Adrian van Hooydonk, BMW’s chief designer, considers the 3 Series the face of the brand. If anything, that undersells its importance.
BMW struggled in the years following World War II until, in the mid-1960s, its engineers invented a two-door named the 1600-2 and, later, the 2002. The tiny German sedans blew the competition out of the water. The BMW turned better, stopped better, accelerated harder, got better fuel mileage, and carried people in comfort more reliably than anything else in its day. The 3 Series, which superseded it in 1975, simply carried on the same formula. The sports sedan was invented, and BMW’s business boomed.
Throughout the ’80s and ’90s, the 3 Series put BMW on the map in North America, making the brand somehow both ubiquitous and aspirational. It’s still the brand’s most successful product, with more than 15 million sold since 1975. For many, a 3 Series was their first taste of luxury motoring — smooth, powerful, confident and slightly exotic. The 3 Series is your first quality suit, your first taste of something above bar-rail whisky.
It took a while, but competitors did finally catch up to BMW. There are now many fine alternatives from Mercedes-Benz, Audi, Jaguar, Genesis, and Volvo. Not to mention that SUVs continue to take an ever-larger slice out of the car market. As drivers, we are spoiled for choice. So why put a 3 series in your garage?
The answer, despite all those choices, is because the new 3 Series is simply awesome. The new design may be conservative, but behind the wheel — where you’ll spend all of your time — the driving experience is second to none. Turn-in is as crisp and immediate as an ice-cold shower. Flex your right foot and the chassis responds accordingly, its rear-based all-wheel drive system ensuring the car tucks into a corner. It’s eager like a greyhound. No SUV handles like this.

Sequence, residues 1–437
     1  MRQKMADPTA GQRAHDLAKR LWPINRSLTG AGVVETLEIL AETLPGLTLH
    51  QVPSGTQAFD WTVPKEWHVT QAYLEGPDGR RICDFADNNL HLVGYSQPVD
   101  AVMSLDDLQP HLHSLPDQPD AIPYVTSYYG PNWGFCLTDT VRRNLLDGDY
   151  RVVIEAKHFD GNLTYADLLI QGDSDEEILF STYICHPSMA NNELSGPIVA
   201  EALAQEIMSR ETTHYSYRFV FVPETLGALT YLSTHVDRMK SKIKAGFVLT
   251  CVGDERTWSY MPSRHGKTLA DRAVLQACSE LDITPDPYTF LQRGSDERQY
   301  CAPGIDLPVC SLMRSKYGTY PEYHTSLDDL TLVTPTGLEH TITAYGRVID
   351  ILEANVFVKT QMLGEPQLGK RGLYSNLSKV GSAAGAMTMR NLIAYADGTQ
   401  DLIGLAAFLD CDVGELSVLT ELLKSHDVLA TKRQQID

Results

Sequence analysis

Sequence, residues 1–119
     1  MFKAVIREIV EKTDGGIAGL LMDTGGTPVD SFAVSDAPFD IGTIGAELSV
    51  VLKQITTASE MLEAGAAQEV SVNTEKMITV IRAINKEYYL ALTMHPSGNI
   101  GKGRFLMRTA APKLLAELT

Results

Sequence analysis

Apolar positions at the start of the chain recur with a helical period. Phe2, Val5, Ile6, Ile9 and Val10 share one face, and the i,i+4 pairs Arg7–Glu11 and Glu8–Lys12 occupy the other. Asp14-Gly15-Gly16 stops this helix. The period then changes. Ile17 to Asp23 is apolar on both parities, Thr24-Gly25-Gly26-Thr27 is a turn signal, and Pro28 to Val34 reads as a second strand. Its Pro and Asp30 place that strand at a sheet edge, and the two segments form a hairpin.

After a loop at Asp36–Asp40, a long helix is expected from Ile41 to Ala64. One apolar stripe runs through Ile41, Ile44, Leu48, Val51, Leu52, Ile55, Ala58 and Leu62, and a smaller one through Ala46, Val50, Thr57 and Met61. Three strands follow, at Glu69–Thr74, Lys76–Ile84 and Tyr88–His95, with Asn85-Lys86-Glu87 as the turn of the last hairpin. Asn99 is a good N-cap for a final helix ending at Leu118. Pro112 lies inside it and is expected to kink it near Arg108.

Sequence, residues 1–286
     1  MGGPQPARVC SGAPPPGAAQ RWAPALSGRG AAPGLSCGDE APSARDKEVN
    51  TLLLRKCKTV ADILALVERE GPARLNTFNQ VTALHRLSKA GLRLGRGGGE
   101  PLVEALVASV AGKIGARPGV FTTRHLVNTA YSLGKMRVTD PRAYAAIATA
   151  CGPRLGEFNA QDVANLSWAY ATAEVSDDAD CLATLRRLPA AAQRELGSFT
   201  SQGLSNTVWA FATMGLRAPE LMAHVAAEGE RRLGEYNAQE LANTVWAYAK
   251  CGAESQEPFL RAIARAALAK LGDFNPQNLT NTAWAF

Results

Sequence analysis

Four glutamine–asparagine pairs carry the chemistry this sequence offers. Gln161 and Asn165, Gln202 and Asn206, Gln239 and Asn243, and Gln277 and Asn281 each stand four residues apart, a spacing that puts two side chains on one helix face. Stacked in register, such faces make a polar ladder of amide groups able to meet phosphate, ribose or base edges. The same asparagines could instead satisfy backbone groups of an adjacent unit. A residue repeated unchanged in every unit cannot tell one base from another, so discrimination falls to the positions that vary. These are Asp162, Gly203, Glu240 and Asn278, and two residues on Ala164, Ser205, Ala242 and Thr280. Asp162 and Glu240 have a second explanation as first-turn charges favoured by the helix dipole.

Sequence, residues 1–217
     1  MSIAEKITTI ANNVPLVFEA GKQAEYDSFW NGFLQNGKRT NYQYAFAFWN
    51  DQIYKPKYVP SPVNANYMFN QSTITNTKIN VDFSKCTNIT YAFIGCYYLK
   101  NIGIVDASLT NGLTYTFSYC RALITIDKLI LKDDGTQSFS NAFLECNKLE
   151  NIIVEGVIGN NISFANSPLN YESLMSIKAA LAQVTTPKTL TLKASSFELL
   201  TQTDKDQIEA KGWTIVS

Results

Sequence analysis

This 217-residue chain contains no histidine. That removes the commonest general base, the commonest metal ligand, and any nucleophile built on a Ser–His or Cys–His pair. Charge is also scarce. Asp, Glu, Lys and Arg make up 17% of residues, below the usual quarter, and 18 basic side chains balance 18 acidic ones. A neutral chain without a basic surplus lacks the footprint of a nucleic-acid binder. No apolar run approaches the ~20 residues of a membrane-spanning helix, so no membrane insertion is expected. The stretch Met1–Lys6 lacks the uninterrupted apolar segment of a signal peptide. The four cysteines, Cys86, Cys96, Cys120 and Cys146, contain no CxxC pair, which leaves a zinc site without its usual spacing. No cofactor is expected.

The power on tap in the 3 Series would be sensible if it were a sports car. It isn’t. This thing has four doors and a generous trunk, and yet the M340i is quicker than last year’s Porsche 911 Carrera from 0–100 km/h. The turbocharged straight-six under the hood provides a velvety slingshot to the horizon. The engine’s sound is fairly mundane, but 382 horsepower and 369 lb-ft of torque are absolutely not.
Even the basic 330i with its 255 hp four-cylinder motor is more than quick enough to entertain (and probably the smart choice for those lacking in self-control).
All of this, frankly, comes as a relief. The 3 Series had its sports sedan crown stolen away by Mercedes and Jaguar as of late. But now, the 3 Series — the original sports sedan — has earned back its rightful place at the top of the pack.
2.0-litre turbo I4; 3.0-litre turbo I6
255 hp; 382 hp
7 Generations of 3 Series
75–143 horsepower. Available as coupe or convertible.
90–238 horsepower. Available as sedan, coupe, convertible, wagon, and M3.
99–321 horsepower. Available as sedan, coupe, convertible, wagon, hatchback, and M3.
105–360 horsepower. Available as sedan, coupe, convertible, wagon, hatchback, and M3.
122–450 horsepower. Available as sedan, coupe, convertible, wagon, and M3.
116–460 horsepower. Available as sedan, coupe, and convertible (4 Series), hatchback and M3.
148–XXX horsepower. Available as sedan only so far, with more variants to come.